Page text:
Yesterday on Ask the Experts the Director of Health services made it clear that at this advanced stage of spread, not all infected persons will be able to get a test:

Dr. Marvin Manzanero, Director of Health Services
"So, it clearly articulates that there will be a time when you will not be able to test everybody and you will classify them as probable cases. When systems become overwhelmed, not only in terms of contact tracing, but lab capacity, and it clearly says even in terms of lab test kits…so you might have hundreds of thousands of test kits, but you have to also mirror that with the human resources and the capacity you have at your central medical laboratory. Depending on the intensity of the transmission in a specific location, the number of cases and the laboratory capacity, a subset of suspect, or probable cases can be prioritised for testing. I need this to be very, very clear, because that's exactly the shifting mechanism in terms of testing that we have done in San Pedro."

No More Double Testing To Confirm Viral Shedding

And another change in public expectation has to be made for that second negative test to indicate that an infected person has shed the virus. Manzanero says that's done - according to WHO guidelines:

Dr. Marvin Manzanero, Director of Health Services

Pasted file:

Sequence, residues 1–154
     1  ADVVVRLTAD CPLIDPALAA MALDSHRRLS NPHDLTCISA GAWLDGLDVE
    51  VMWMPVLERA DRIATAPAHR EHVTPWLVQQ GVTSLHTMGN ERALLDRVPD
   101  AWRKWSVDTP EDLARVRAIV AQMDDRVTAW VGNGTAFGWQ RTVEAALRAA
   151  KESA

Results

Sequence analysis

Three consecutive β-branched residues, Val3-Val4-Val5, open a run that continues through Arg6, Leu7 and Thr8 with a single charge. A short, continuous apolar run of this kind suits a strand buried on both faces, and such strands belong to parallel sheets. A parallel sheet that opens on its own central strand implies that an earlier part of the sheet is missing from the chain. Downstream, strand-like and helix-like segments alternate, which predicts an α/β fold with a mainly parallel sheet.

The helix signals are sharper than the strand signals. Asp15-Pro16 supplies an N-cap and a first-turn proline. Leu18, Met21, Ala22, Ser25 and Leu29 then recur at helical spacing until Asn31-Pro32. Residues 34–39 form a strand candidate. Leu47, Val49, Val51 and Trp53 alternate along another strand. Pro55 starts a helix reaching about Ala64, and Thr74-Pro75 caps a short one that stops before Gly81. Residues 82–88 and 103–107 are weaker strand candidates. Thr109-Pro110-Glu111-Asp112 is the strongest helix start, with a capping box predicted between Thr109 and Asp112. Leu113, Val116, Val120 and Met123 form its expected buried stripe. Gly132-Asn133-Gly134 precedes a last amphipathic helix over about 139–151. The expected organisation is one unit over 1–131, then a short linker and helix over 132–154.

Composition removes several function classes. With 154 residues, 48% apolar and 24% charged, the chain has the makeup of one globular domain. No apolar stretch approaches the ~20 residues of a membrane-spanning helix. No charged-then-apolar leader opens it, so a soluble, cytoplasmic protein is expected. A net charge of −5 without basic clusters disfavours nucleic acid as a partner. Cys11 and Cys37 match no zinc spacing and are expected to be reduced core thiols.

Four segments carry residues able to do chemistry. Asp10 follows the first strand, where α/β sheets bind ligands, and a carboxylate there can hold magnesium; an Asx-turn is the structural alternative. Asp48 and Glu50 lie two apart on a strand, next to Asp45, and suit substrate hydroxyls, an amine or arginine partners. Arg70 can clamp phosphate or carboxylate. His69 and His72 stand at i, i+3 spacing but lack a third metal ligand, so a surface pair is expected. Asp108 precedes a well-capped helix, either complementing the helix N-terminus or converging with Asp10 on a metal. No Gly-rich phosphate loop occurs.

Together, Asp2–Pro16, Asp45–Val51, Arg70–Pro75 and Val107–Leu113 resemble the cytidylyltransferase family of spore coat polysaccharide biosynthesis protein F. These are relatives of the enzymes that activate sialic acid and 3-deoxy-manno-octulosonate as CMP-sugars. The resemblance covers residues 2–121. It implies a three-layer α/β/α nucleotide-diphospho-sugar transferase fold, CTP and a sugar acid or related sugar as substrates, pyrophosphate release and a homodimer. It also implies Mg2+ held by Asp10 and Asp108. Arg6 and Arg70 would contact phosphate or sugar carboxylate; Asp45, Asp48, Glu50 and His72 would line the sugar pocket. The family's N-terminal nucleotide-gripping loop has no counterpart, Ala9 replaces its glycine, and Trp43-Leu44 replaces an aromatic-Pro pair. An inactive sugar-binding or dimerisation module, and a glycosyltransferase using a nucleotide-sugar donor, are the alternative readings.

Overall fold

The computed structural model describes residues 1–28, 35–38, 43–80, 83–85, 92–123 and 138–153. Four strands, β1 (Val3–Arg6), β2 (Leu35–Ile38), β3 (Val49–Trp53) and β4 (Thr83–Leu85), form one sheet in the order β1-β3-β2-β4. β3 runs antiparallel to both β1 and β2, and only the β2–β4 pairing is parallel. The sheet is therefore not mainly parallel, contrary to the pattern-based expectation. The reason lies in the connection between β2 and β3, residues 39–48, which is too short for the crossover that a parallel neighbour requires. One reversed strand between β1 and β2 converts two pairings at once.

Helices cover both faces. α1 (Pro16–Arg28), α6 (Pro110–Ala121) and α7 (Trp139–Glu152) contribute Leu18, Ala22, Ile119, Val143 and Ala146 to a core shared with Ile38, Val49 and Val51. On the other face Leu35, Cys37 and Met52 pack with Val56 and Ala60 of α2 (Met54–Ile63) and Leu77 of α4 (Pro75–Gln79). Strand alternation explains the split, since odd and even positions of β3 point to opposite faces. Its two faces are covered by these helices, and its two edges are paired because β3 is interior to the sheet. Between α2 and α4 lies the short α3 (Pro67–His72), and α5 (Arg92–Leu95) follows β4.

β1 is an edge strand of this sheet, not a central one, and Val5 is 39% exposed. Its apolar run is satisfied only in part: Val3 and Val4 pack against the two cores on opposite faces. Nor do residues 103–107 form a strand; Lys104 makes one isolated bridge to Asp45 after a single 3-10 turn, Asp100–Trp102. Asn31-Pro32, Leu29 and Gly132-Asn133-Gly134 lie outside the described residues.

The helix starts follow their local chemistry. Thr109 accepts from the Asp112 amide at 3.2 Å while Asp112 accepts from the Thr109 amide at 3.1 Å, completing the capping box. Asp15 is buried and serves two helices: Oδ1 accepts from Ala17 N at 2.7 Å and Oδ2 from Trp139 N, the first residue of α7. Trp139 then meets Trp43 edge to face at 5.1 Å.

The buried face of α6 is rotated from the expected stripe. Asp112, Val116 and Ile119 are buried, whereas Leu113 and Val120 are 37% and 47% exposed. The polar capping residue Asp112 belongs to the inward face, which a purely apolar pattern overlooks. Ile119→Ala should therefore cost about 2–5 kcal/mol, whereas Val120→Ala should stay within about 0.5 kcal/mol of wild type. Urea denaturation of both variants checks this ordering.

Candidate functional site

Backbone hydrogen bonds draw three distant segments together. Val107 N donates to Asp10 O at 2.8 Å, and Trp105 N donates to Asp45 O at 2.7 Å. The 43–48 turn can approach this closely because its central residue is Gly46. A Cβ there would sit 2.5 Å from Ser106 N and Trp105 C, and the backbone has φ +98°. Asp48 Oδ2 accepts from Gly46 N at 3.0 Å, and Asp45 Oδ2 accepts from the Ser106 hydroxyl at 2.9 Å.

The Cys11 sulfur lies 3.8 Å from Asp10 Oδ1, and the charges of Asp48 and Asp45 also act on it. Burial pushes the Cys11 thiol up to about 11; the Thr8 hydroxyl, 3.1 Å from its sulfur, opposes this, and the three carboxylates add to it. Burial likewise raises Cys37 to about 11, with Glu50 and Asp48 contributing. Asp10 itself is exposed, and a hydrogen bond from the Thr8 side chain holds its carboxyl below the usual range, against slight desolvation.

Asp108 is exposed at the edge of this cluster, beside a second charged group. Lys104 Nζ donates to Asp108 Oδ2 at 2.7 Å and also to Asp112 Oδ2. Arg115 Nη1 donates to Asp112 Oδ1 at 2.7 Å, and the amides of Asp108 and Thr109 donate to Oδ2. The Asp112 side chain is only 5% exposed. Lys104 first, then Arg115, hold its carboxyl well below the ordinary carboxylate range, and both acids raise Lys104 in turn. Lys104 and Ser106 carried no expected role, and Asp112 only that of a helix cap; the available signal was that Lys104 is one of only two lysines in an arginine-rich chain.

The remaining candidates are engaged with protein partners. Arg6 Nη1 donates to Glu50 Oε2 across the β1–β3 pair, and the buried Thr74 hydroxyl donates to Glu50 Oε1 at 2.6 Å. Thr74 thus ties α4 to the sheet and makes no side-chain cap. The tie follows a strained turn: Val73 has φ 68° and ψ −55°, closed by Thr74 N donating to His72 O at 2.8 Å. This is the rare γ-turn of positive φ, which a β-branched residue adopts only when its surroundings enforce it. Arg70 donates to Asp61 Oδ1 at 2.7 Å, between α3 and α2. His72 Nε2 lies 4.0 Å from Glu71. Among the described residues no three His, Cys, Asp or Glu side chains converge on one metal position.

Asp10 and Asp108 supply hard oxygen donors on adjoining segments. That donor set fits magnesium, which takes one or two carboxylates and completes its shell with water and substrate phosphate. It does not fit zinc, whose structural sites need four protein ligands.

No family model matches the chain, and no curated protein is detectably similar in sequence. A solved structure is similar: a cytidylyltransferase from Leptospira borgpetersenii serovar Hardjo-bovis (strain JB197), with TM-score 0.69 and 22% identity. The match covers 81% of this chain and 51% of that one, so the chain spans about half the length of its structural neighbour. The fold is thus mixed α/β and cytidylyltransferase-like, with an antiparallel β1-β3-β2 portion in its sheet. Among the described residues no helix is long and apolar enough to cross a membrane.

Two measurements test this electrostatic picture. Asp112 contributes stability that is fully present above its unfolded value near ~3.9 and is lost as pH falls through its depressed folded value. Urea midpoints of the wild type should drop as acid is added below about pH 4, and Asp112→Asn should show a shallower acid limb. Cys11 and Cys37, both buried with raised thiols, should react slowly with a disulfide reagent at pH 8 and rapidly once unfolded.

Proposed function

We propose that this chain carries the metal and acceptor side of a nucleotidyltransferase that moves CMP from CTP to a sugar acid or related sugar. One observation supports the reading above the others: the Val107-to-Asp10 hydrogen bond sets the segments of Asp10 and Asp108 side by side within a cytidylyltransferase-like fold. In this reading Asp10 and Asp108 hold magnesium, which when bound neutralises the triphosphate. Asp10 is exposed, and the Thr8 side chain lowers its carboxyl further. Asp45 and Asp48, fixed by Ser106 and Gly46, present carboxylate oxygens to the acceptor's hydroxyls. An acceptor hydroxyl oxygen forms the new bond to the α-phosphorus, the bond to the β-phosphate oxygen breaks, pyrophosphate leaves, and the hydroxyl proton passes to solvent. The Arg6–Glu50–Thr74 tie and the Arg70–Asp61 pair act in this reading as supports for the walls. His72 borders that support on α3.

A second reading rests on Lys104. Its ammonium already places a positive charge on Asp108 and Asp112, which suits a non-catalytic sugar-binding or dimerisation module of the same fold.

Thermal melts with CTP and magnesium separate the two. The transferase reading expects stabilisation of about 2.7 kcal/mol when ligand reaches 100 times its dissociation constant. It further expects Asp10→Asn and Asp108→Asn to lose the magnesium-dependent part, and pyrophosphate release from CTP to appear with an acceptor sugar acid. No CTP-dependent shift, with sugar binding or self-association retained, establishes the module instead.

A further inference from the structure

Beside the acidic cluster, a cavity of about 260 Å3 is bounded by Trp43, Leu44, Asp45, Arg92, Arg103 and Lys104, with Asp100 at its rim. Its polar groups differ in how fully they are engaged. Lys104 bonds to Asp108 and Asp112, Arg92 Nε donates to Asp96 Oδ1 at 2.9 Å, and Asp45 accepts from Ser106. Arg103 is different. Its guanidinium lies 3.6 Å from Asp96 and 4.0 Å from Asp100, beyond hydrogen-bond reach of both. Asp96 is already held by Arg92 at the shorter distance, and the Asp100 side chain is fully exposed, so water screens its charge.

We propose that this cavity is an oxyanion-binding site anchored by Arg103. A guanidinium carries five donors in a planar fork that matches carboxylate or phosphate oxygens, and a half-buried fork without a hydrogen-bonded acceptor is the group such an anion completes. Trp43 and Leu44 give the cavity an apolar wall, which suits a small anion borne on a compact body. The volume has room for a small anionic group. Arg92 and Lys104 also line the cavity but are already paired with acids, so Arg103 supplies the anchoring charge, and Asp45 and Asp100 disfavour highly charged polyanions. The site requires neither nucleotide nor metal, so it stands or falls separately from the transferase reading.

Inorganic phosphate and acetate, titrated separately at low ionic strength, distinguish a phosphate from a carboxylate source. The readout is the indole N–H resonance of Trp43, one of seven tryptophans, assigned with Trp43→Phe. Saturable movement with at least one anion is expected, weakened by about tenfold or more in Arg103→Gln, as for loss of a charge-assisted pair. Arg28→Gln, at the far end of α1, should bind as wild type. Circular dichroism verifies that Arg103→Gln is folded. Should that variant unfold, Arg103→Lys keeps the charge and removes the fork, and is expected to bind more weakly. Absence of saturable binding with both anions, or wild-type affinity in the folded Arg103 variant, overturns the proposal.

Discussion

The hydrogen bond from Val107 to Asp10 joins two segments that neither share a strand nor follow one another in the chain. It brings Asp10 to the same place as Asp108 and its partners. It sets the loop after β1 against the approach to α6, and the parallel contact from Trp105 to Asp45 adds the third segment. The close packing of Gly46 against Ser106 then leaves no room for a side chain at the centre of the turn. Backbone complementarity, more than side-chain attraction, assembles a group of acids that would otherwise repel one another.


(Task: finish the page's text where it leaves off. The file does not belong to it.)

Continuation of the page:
"Recall that we were saying before that you need to get two negatives before you can be discharged from isolation, from quarantine, whether you're going to be able to go back to work. That particular recommendation has changed in WHO, so that the recommendation actually mentions that the criteria may change, if you are not able to do testing, two negative tests, then, if you are not going to be able to do that, your lab capacity has been overwhelmed, then the criteria that you can use is for people who are symptomatic, people who had fever, flu-like symptoms, 10 days after the onset of symptoms, provided they have gone three additional days without symptoms, which means no fever and any respiratory symptom, those persons may be able to go back to work. So that means, on average, 13 days after you have started with signs and symptoms is when you would be able to go back to work if you are not able to test as a country with the two negative PCR's. And we checked in the region, and most countries have moved towards that. For asymptomatic cases, 10 days after you test positive for SARS COVID 2, if there is no sign or symptom, you can go back to your routine activities."

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